Nanumea Island

Gazette -- January 2009

Po o Tefolaha Celebrated

Major Nanumean Festival

Nanumean children, Brisbane, 10 Jan 2009 (photo, Pese Maatia)See Suva Stories and Photos
Nanumeans around the globe recently celebrated their national holiday with feasting, dancing, speechmaking, and church services. The "Day of Tefolaha", Po o Tefolaha, January 8th or 9th each year, marks the final conversion in 1922 of the last adherants of Nanumea's traditional religion to Christianity. For this reason, the day is also known as Aso Pati, "Aso Pentekoso Alo Tamaliki o Tefolaha mo Iesu."  See Origins of the Po o Tefolaha, Page 4...»

2009 Po o Tef, Nanumea
Faatele in Nanumea, January 2009 (Photo from Milo and Hamola Teuea)

Tefolaha's Trickery revealed!

Deed may be investigated

Pai and Vau's reef crack Mark on reef made by Pai and Vau
When interviewed by this newspaper's roving reporter, Ms. Pai and Ms. Vau claimed that the island of Namea (also known as Nanumea) was taken from them by trickery. They say that one day a macho warrior arrived at the shore and brazenly told them the island was his.

Though they tried to convince him otherwise, Tefolaha was insistent. Finally, he proposed a guessing game to try to learn their names. Ms. Pai and Ms. Vau gave futher details ...

see Pai and Vau, Page 4..

What is a LOKO, Anyway?

Worm famous in Nanumea

Whatever you think of Tefolaha's deception of Pai and Vau, in most versions of the story he used an innocent worm to help him.

This little creature, a "loko" in the Nanumean language, is a small tree maggot (also known as leti in Niutao, sina in other parts of Tuvalu), the larvae of a beetle or other insect living high in the trees of Nanumea's forests. It is common to see these tiny worms hanging from a slender bit of web, dangling as if floating in mid air. Lokos are simple creatures, manu o te vao, hurting no one.

Next time you are in the bush at Nanumea, look up -- you may see a loko. If so, don't hurt it. They are creatures from the mythic past!

see Tefolaha stories, Page 4...

New Video draws Praise

George Samuels Unveils Pai and Vau Animation

George Samuels, son of Marion Valasi Samuels and Sachin Roy Samuels, graduated in Decemeber, 2008 from RMIT, Melbourne with a degree in Multimedia Systems (Design). George recently put on the web his new video depicting the coming of Tefolaha to Nanumea. The short animated film features the two first ladies of Nanumea, Pai and Vau, who were the original inhabitants of the island and, many believe, formed the island with sand from a kete they brought with them eons ago.    Click on Video at right to play -->>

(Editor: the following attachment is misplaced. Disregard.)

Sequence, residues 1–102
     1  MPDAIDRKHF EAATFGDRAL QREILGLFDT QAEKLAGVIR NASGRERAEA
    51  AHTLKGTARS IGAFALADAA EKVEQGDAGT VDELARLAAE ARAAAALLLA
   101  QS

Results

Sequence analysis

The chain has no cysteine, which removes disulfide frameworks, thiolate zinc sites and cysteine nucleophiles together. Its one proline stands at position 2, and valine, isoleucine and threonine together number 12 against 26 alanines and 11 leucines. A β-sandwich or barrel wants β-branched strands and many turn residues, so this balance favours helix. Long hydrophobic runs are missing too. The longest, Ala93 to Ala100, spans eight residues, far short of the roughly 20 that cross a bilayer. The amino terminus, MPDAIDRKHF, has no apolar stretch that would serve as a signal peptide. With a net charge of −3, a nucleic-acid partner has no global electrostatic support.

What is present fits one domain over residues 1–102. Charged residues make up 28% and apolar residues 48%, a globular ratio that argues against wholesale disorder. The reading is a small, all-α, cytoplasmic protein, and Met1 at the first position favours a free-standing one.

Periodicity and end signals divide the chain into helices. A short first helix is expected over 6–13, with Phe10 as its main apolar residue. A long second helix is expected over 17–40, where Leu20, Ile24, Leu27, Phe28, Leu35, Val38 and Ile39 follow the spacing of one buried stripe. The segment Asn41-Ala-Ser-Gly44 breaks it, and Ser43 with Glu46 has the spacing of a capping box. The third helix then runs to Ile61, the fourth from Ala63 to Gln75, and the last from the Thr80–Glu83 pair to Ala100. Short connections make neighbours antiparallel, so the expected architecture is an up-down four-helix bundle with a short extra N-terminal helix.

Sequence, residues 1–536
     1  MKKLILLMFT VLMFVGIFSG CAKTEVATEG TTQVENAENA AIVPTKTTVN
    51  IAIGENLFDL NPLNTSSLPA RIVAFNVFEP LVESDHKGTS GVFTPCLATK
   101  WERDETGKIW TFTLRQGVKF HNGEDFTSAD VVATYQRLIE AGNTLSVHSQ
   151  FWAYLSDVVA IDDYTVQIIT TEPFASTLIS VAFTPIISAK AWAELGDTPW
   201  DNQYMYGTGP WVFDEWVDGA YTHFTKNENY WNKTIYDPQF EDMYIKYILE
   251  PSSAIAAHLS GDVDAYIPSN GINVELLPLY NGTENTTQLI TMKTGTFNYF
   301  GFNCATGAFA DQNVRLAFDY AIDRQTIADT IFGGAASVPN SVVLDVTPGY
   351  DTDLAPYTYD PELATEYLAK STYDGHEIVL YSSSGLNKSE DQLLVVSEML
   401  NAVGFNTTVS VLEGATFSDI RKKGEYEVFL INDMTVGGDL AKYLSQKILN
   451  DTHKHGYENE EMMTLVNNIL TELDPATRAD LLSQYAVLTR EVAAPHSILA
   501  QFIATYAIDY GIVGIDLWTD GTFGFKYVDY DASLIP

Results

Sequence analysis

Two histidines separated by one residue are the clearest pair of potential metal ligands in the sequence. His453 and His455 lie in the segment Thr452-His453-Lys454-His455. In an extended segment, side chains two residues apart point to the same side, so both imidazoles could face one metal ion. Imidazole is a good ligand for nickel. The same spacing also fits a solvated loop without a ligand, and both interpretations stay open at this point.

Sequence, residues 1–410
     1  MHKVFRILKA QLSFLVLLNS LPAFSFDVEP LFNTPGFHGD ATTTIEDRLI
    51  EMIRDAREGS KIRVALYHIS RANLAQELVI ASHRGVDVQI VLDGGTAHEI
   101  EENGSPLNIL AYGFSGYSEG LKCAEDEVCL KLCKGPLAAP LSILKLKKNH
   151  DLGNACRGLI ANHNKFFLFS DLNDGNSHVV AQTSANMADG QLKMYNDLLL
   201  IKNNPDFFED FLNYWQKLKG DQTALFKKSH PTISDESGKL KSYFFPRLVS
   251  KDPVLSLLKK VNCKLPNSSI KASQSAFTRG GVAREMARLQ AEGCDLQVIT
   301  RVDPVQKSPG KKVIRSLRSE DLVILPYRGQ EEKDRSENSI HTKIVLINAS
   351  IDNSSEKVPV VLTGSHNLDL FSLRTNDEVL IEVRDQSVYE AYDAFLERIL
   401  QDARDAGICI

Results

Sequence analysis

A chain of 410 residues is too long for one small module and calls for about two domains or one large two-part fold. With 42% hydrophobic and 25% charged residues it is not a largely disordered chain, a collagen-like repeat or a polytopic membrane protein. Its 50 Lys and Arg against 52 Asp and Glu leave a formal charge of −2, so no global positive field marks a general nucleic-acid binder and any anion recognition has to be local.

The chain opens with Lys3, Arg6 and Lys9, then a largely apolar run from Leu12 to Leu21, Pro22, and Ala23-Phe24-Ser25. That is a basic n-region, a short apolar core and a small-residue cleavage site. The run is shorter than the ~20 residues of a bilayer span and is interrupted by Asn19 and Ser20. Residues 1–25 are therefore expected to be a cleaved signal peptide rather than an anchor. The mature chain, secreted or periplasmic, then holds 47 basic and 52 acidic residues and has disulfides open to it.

Nanumea Celebrates

from Milo Teuea

The Po o Tefolaha celebration in Nanumea itself was a rich mix of tradition. Church services, daytime feasts (aganuu) for Nanumea's school children and those who returned home from the holidays, a taro weighing competition, and an all night faatele in the ahiga were part of the holiday this year.

Milo's younger sister, Hamola, has recently returned from Nanumea with a great set of photos.
Hamola's photos from Nanumea...» 


from Feue Tipu and Selina Manuella

We've received a full report on the Po o Tefolaha celebrations by the large Nanumean community in Suva. A program and description from Mr. Feue Tipu (and a fine set of photos with captions by Selina Manuella) are found on Page 3.
Report and Photos from Suva


by George Samuels

On the 17th of January, 2009, Nanumeans from the Melbourne area gathered at the house of Fiuape & Suialofa Poutongo to celebrate Nanumea's holiday with dancing, feasting, and a showing of George Samuel's new video about Tefolaha, Pai and Vau (see video above). George's report, and photos from Melbourne


from Pope Ato Raponi and Emmi Telolomi

Mauri o!! The Nanumean community in Tarawa, Kiribati, celebrated the Po o Tefolaha this year with a mix of Tuvaluan and Gilbertese tradition, including, of course, dancing and delicious foods... Story and photos from Tarawa...»


from Pese Maatia

The Po o Tefolaha celebratation in Brisbane on January 10th brought together Nanumean residents of the city and visitors (including Kokea Malua and his wife Katalaina).

Pese's photos convey images of a spirited faatele, dancing, and children playing outside.
Pese's photos from Brisbane...»